Korea's Band of Brothers
384 Pages, 6 x 9 in, Over 100 black-and-white photographs
- August 2020
- In Stock
B-1-5 was a unique company in the Korean War. The Baker Bandits fought at Inchon, Naktong, Chosin Reservoir, Guerrilla Hunts and the many numbered hills. They inspired one B Company Commander, Gen. Charlie Cooper, to the extent that when he became Commanding General of the Marines First Division in 1977, his time with B-1-5 inspired his “Band Of Brothers Leadership Principles” used widely in the Corps for many years.
Emmett Shelton was a 19-year-old Marine Reservist in 1950. He was called to duty after graduating Austin High School and, within six months, he was a rifleman in Korea. The Korean winter of 1950 was brutal and Emmett was evacuated shortly after Chosin due to frostbite. After the war, Emmett got on with life, then in the 1980s he attended a Chosin Few Reunion. He was overwhelmed by a need to reconnect with his old Company, his Baker Bandits.
Emmett tracked down B Company members one-by-one and started a newsletter, The Guidon, to share stories and reconnect. For 20 years Emmett published The Guidon, monthly. The contributing readership grew to a high of 300, including a number of young B Company Marines fighting in Afghanistan. The Baker Bandits brings together firsthand accounts from The Guidon, written by the men of B-1-5 about their time in Korea: their battles, their fallen commanders, death in the foxhole, lost platoons, injuries, and what happened to them after the war.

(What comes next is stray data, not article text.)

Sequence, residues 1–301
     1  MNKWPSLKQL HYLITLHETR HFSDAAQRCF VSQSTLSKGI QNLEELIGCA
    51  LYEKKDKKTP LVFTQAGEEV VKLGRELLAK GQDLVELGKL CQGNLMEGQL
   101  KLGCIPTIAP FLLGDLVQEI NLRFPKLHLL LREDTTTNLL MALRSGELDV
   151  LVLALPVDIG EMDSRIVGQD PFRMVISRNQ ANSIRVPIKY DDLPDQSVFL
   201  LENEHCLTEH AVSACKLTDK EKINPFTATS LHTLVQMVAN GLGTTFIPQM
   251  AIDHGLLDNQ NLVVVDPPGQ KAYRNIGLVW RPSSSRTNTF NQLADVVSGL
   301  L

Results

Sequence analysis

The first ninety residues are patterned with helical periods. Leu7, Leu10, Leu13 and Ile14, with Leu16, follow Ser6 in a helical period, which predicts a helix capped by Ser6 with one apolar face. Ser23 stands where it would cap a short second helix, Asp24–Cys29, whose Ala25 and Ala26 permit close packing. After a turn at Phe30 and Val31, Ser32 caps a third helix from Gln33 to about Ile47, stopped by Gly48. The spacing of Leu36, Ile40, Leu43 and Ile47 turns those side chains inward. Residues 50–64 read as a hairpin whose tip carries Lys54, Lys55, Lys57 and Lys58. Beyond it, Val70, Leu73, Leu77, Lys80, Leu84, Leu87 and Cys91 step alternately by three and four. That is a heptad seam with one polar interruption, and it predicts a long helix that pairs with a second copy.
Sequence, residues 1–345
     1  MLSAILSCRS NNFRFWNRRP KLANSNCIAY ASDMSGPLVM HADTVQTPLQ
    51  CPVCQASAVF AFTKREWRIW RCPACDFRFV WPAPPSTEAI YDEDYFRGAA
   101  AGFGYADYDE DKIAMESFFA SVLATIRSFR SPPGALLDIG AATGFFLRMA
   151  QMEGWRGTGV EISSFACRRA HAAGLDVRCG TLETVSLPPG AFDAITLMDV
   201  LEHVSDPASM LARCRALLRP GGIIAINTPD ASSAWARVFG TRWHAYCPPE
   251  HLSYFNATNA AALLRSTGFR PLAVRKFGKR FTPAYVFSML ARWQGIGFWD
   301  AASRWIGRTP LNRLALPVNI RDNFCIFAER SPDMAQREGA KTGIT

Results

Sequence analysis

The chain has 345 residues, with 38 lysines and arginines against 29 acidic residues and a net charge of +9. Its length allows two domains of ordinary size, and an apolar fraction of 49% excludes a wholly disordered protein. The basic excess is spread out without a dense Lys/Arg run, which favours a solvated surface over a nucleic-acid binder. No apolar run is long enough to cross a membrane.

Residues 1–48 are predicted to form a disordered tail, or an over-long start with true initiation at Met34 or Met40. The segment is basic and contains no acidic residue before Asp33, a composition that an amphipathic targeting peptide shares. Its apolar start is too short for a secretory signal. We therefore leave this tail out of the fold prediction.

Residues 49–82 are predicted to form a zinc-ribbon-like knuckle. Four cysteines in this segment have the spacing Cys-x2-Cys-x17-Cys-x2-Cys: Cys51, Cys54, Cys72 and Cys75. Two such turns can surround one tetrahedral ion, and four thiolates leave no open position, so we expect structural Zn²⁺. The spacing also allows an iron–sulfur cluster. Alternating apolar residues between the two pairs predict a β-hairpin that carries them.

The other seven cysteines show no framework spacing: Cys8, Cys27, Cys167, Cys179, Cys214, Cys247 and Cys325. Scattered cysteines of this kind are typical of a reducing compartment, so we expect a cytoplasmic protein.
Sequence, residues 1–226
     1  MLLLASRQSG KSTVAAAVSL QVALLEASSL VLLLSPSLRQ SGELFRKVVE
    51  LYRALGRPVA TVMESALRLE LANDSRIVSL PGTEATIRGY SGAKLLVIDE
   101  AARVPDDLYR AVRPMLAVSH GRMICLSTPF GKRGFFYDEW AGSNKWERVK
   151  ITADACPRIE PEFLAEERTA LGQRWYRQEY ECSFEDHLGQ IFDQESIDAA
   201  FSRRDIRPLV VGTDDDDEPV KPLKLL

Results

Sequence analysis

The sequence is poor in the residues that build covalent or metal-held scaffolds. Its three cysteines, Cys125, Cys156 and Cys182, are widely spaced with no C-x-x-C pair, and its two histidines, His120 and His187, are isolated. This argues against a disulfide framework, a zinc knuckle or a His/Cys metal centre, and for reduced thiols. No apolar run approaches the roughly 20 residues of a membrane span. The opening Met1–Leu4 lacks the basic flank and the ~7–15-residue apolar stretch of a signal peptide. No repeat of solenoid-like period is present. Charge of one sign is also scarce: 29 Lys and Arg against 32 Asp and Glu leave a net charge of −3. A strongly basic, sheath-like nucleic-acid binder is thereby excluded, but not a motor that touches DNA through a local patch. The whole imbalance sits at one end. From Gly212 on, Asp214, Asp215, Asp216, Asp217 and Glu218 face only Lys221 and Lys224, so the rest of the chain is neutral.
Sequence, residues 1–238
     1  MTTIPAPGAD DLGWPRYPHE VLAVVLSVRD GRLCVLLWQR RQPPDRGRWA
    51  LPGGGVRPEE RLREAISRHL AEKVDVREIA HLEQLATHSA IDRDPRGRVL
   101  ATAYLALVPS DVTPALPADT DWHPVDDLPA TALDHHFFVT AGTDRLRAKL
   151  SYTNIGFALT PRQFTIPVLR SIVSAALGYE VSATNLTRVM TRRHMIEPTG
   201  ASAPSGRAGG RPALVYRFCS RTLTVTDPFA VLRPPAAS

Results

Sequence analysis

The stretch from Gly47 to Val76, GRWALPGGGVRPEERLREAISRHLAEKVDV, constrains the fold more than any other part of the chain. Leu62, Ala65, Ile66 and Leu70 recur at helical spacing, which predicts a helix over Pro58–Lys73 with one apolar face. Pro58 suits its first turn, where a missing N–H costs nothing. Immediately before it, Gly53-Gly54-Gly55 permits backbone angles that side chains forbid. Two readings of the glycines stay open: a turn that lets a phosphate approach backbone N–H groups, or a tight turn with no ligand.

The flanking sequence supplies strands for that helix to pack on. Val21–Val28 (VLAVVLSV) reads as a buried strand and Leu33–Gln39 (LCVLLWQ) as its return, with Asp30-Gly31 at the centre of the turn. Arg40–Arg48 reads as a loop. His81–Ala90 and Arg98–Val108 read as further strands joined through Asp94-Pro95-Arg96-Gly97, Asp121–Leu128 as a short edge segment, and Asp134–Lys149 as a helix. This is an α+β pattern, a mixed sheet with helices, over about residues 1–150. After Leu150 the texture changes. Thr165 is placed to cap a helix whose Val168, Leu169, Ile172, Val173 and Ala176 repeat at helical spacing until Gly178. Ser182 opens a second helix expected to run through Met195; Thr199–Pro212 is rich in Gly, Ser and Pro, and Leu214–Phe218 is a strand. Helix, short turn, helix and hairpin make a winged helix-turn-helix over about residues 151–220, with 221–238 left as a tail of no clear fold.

All We Wanted Was To Be Marines
Inchon Kimpo Wosan Sept/Oct 1950
Chosin Reservoir Campaign Nov/Dec 1950
Bean Patch Jan 1950
Guerilla Hunts Begin Jan–Feb 1951
Hwachon—Hill 313 April 1951
Hill 907 June 1951
The Road Back Home
Reconnecting 40 Years Later
B-1-5 Honored Dead in the Korean War
Index of Contributors
"The accounts include writings by officers, non-commissioned officers, and enlisted men, all of whom shared the terrible experiences of the Korean War together. This method of organizing the book is unusual, but it works well here, with a natural flow to the narrative due to careful editing and ordering. The veterans of the Korean War are almost all gone now. While their war was smaller in scope, their actions and service deserve to be remembered." ~Military Heritage Magazine
"The accounts give an intensely personal look at [the marines'] experiences in the war, interspersed with historical narrative and sobering lists of casualties." ~Seapower
"...an invaluable and singularly appreciated addition to community, college, and university library 20th Century American Military History collections in general, and Korean War supplemental curriculum studies lists in particular. " ~Midwest Book Review